You need to have a sense of humour if you're a Spurs fan. Remember when everyone in our
first team squad got the trots against West Ham [
2336560/Spurs-dealt-devastating-blow-by-food-poisoning.html]? One of the biggest derbies
of our season. Sky Sports News has latched onto the story, and now the whole nation knows
we're necking Imodium and Dioralite to hold our arses together after eating a dirty lasagne
the night before. Great. Nice ego boost pre-match. And kudos to the club dietician (a waged
job) for having chosen that precise meal for the players, proving himself about as useful as
Sergei Rebrov's left bollock in this particular situation.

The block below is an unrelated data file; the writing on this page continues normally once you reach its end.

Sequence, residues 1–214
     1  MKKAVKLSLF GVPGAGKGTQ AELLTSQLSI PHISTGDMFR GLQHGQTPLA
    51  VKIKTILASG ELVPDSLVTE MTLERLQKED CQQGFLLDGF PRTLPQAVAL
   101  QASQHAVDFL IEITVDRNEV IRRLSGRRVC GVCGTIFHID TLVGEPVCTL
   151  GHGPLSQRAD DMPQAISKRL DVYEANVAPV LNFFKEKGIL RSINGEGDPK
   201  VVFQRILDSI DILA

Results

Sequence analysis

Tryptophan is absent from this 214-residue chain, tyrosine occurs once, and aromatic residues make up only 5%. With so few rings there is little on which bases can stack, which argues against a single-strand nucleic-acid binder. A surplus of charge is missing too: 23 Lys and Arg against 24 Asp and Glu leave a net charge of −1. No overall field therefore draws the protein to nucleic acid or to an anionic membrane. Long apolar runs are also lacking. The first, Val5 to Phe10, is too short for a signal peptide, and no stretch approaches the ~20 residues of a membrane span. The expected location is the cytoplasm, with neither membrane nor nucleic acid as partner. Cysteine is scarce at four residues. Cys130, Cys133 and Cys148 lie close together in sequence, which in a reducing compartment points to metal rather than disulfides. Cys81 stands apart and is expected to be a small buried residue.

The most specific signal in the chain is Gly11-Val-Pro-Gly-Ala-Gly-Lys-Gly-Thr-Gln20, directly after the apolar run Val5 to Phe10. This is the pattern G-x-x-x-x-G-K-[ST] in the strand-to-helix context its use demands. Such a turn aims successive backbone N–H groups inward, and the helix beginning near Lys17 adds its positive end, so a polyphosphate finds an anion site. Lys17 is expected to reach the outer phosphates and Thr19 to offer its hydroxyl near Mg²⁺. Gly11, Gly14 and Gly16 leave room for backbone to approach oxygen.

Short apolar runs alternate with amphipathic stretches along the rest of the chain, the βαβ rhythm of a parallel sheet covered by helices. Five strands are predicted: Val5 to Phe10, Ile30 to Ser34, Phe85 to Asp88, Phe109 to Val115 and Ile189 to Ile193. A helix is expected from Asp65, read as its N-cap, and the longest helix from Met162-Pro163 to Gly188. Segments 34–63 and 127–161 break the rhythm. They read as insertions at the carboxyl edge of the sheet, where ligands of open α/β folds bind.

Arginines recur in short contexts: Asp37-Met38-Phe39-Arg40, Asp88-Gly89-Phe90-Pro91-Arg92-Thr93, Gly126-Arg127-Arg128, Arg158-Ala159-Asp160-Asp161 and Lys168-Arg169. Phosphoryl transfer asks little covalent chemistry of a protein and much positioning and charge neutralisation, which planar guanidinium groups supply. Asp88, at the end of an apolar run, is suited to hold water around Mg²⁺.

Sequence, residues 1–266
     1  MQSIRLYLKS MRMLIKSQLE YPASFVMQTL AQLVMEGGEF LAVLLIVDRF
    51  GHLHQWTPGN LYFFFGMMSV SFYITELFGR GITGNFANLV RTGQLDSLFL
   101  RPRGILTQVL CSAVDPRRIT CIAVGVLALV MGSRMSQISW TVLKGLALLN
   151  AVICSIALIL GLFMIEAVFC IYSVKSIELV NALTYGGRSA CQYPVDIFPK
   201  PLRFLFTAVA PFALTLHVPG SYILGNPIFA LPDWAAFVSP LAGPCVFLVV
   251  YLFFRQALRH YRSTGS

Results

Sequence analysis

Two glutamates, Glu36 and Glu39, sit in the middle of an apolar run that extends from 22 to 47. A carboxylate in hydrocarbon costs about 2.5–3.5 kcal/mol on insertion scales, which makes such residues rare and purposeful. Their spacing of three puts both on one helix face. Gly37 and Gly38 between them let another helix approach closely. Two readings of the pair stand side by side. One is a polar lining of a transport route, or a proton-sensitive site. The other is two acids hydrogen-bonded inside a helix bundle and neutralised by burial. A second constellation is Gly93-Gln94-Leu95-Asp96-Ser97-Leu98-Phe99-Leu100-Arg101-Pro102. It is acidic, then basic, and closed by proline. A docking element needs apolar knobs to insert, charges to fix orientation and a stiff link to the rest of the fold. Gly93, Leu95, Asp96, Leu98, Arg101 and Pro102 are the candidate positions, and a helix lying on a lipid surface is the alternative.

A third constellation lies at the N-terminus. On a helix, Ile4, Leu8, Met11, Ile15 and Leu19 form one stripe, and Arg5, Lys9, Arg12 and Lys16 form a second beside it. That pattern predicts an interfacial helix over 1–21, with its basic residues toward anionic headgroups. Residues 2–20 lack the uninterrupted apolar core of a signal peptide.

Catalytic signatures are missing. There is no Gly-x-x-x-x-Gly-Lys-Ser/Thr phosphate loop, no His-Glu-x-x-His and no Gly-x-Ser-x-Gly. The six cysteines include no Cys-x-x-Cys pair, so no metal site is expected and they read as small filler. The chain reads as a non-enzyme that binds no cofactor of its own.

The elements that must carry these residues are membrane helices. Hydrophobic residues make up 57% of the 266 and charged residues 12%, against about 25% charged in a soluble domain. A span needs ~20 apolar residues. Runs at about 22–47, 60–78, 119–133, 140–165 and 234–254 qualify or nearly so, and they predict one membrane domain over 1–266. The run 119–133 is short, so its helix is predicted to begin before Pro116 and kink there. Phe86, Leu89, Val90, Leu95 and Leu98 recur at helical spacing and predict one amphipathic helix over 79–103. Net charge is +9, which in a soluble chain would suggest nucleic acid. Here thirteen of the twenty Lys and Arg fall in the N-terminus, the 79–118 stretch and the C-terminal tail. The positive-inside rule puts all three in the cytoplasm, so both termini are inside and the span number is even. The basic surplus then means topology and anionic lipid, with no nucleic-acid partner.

You need those highs and lows. For me, this means those Redknapp moments and the
Martin Jol moments. I'm overjoyed about Spurs (ever) getting into Europe. It gives us
something to get excited about mid-week, playing similarly reputable and optimistic (but
realistic, in terms of ambition) football teams. The ones who can string a few passes
together, you may recognise a couple of players from the last World Cup at and may
consider (once or twice) playing as them on FIFA. I love knowing I'm going to watch my
team play Lyon and have half a chance, rather than us playing Real Madrid and getting
smashed 5 nil. This is because I know Scott Parker is NOT as good as Cristiano Ronaldo,
but I will love him and his passionate devotion to the cause never-the-less. Why would I want
to watch something (Spurs) I love getting demolished in a competition we're not ready for?
It'd be like Roadblock from Robot Wars getting eaten by Sir Killalot and being thrown into